Lots of veterinarians have fascinating case stories. So recently I connected with some graduates of the University of Florida College of Veterinary Science and obtained radiograph images of objects swallowed by dogs they had treated. Think you can identify the things they found in the dog’s bellies?

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ANSWERS:

Photo #1: Fish Hook
The placement of this fish hook in the dog’s stomach required surgery, and the dog fully recovered after this incident.

Photo and surgery credit: Dr. Moody McCall, San Pablo Animal Hospital

Photo Credit #2: Apple Name Place Holder
After a dinner party, this dog stole a few scraps off the table. The owner witnessed this happening, and the dog was taken to Dr. Nicholas Bacon on emergency. This apple-shaped name place holder was removed successfully endoscopically (instead of surgery).

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Photo and surgery credit: Dr. Nicholas Bacon, University of Florida College of Medicine

Photo #3: Golf Ball
This dog swallowed a golf ball after retrieving it for his owner. During surgery, the veterinarian also found a triangular piece of tile, wire and the dog’s name tag.

Photo and surgery credit: Dr. Moody McCall, San Pablo Animal Hospital

Photo #4: Sewing Needle
This sewing needle passed safely through the dog in its stool, and no further action was required.

Photo and surgery credit: Dr. Moody McCall, San Pablo Animal Hospital

Tune-in to Nat Geo Wild this Sunday night starting at 8P et/pt for more unbelievable stories of My Dog Ate What?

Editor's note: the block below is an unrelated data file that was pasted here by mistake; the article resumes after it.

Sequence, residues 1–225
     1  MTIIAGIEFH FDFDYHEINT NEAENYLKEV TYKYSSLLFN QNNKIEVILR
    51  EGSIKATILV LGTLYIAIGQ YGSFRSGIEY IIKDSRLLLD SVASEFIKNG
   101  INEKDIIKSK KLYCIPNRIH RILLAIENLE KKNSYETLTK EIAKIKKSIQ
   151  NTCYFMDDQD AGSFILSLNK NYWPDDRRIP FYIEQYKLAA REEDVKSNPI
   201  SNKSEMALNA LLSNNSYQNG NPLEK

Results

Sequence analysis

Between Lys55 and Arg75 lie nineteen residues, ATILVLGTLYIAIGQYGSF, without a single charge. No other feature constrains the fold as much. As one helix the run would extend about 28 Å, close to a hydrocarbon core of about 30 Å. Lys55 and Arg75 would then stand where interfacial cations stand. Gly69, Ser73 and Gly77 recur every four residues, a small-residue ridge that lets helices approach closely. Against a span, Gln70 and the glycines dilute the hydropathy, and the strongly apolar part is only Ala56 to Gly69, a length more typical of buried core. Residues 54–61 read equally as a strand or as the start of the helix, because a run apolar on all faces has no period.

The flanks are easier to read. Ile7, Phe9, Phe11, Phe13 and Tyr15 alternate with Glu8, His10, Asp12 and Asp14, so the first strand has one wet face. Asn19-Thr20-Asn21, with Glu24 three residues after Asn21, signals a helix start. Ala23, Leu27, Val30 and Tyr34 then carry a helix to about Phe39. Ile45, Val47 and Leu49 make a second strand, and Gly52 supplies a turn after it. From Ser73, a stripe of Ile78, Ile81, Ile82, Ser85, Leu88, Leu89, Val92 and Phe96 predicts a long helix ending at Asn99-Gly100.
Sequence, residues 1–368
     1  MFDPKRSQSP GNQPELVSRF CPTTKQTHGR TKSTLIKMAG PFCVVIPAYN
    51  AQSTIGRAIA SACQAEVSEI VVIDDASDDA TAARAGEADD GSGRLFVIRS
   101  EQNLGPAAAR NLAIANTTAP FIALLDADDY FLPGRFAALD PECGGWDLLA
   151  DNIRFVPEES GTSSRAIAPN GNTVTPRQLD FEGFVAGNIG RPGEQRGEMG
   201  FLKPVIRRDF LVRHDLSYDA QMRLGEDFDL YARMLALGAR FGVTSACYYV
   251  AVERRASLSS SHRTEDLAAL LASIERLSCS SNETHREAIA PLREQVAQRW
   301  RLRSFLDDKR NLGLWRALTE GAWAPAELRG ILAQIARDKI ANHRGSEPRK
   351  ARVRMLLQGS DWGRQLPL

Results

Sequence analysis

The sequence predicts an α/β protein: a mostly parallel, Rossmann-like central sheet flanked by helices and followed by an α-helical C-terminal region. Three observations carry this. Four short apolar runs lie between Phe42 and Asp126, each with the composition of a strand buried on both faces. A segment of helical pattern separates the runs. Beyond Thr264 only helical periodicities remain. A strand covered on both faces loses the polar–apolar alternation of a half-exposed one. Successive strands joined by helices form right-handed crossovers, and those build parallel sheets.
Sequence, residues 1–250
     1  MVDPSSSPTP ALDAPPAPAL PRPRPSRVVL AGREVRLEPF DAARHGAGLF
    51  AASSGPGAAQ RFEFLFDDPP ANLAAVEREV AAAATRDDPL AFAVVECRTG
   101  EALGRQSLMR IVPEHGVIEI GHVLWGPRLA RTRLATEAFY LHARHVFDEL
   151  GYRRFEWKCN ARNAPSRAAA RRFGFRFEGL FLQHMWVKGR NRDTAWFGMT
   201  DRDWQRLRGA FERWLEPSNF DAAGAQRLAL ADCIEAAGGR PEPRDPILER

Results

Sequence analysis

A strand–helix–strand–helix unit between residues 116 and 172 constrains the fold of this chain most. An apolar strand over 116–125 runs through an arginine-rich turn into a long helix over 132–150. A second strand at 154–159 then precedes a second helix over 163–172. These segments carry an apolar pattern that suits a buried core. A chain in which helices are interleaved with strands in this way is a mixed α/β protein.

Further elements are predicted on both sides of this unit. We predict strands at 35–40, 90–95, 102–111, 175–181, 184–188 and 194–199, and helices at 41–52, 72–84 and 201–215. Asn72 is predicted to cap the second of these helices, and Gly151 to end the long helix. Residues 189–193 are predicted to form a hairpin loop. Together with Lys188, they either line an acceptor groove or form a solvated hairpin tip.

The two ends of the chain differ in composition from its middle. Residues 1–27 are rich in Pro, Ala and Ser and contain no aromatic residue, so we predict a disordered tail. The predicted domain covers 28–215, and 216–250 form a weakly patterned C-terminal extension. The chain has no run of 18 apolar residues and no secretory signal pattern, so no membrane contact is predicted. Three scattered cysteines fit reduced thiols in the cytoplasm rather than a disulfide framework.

Comments

  1. HowlerWolf
    June 26, 2010, 5:21 pm

    Interesting! I never thought dogs would be crazy enough to eat stuff like that, but hey, anything’s possible!

  2. Chloe
    gHrPSBzYLvRga
    February 28, 2012, 8:25 am

    I think it’s more a meattr of choosing your dog carefully. Some breeds/sizes/temperaments thrive in cities and even with apartment living. Some, like those with strong prey drives or working instincts, may not unless some sort of surrogate is created for their natural needs. Mr. Parsons Russell terrier, in your picture is not only social but has a strong prey drive and urge to work. So, while he’s a small doggie, he’s not really the type to be left alone, with limited stimuli and not much leeway to entertain himself. My puggle, OTOH, is a lazy hound that is happy thoroughly smelling an area of approximately 2 square feet for hours on end (not that I’d ever leave him more than a few minutes), and when he gets bored with that, there’s always sleeping or being adored by passers-by. But, I do often wish we had a little more relaxed attitude about pets in dining and social establishments. I think a lot of our pets never get the chance to be properly socialized to truly be integrated into a city environment. I miss the experience of tripping over someone’s bulldog in the cafe.